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A federal judge in California has refused to accept a proposed $100 million settlement in a class action lawsuit against ride-sharing service Uber, which is accused of misclassifying its drivers as independent contractors when they are, in fact, employees. drive7

The U.S. District judge in his order stated that the settlement was just 10 percent of what the drivers’ lawyers estimate the company would have to pay in legal fees. Plus, it only accounted $1 million for state penalties that could easily pile up to more than $1 billion. In light of these facts, the judge wrote, the settlement proposal was not fair to the workers, and neither was it reasonable or adequate.

It’s unclear what this and other cases are going to mean for the future of the company. The company’s fast-paced growth and low prices are contingent on the fact that it doesn’t have to pay its drivers fuel reimbursements or offer health insurance. But the company’s profitability is not the concern of the courts. The issue is whether more than 385,000 workers in California and Massachusetts (the parties to the lawsuit) were cheated out of these employee benefits by being wrongly classified. They argue the company had enough control over their day-to-day activities to be deemed employees – not independent contractors.  Continue reading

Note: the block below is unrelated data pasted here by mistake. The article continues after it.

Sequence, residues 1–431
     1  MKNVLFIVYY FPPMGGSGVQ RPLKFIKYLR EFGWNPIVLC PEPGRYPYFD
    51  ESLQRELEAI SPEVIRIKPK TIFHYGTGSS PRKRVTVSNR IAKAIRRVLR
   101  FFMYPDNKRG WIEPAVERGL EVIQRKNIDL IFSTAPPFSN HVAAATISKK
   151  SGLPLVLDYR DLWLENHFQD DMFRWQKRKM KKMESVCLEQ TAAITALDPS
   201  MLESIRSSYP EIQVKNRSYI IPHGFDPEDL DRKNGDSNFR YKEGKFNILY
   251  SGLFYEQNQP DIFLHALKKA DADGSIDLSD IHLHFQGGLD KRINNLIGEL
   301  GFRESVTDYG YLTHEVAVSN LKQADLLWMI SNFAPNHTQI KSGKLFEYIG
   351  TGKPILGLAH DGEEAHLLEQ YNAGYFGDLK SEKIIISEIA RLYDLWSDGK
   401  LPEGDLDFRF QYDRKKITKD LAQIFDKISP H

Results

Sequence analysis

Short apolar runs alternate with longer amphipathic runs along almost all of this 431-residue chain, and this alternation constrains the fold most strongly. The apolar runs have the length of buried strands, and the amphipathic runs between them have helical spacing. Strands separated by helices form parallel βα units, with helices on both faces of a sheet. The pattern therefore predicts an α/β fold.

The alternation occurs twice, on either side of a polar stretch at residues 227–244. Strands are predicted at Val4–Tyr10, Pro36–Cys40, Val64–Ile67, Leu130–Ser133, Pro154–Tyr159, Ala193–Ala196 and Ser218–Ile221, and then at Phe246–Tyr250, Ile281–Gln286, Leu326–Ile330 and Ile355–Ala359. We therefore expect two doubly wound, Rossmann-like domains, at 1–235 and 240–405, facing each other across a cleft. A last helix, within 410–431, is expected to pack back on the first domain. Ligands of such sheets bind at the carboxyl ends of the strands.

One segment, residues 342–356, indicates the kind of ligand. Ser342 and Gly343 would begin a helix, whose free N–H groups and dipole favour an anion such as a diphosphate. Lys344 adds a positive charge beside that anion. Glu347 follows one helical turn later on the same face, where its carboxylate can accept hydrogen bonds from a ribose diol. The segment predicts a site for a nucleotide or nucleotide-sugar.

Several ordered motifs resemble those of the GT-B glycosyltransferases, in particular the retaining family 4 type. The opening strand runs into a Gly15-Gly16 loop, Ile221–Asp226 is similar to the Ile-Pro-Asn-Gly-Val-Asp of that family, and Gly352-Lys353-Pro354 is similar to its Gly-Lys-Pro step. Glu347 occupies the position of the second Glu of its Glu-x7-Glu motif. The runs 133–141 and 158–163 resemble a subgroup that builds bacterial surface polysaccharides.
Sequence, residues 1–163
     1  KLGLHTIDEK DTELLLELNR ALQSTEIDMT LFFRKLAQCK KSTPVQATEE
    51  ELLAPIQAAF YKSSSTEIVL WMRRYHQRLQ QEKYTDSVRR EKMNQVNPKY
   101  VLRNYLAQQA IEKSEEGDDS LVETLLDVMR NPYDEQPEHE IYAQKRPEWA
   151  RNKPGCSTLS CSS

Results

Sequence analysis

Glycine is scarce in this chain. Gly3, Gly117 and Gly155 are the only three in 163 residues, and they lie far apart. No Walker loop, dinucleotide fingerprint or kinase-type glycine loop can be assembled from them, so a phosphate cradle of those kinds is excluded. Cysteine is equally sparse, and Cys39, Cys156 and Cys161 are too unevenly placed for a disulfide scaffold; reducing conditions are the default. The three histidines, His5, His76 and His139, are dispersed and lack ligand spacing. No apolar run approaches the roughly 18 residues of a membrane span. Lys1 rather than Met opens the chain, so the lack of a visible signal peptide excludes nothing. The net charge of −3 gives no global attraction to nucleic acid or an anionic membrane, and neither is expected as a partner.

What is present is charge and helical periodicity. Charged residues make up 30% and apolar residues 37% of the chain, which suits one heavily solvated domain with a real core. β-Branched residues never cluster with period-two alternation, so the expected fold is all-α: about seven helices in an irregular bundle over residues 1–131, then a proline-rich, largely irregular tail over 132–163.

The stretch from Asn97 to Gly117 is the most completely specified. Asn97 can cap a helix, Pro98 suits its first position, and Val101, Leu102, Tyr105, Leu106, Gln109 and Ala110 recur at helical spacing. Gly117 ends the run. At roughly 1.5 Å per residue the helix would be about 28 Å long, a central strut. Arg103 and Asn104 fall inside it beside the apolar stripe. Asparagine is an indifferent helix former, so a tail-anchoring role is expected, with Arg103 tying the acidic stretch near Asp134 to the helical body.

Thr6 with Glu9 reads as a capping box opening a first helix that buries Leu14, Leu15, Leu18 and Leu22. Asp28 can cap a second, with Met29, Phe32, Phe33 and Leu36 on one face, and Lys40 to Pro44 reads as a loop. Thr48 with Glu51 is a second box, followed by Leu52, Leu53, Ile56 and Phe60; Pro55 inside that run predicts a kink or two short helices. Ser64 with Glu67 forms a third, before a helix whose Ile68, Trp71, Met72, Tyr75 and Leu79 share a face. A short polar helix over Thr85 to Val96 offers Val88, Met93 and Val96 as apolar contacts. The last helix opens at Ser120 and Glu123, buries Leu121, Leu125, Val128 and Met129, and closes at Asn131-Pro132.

It’s been more than a decade since FedEx was first accused of driver misclassification by drivers for the company. The cases quickly began to pile up – ultimately some 12,000 from 20 states. tractortrailerwheels

As the multi-district litigation was combined into one action that crawled forward, a whole new generation of employee misclassification lawsuits were filed against other companies.

It’s only now, in 2016, that the company is proposing a settlement with drivers whom it formerly called independent contractors. The allegation has long been that the company hired them to work as “independent contractors.” They were paid as such, but they weren’t treated as such. In considering whether the classification was proper, courts were analyzing the level of control the company had over the workers, including facts like:

  • Drivers were required to drive trucks that were branded with the FedEx logo;
  • Drivers were required to wear FedEx uniforms;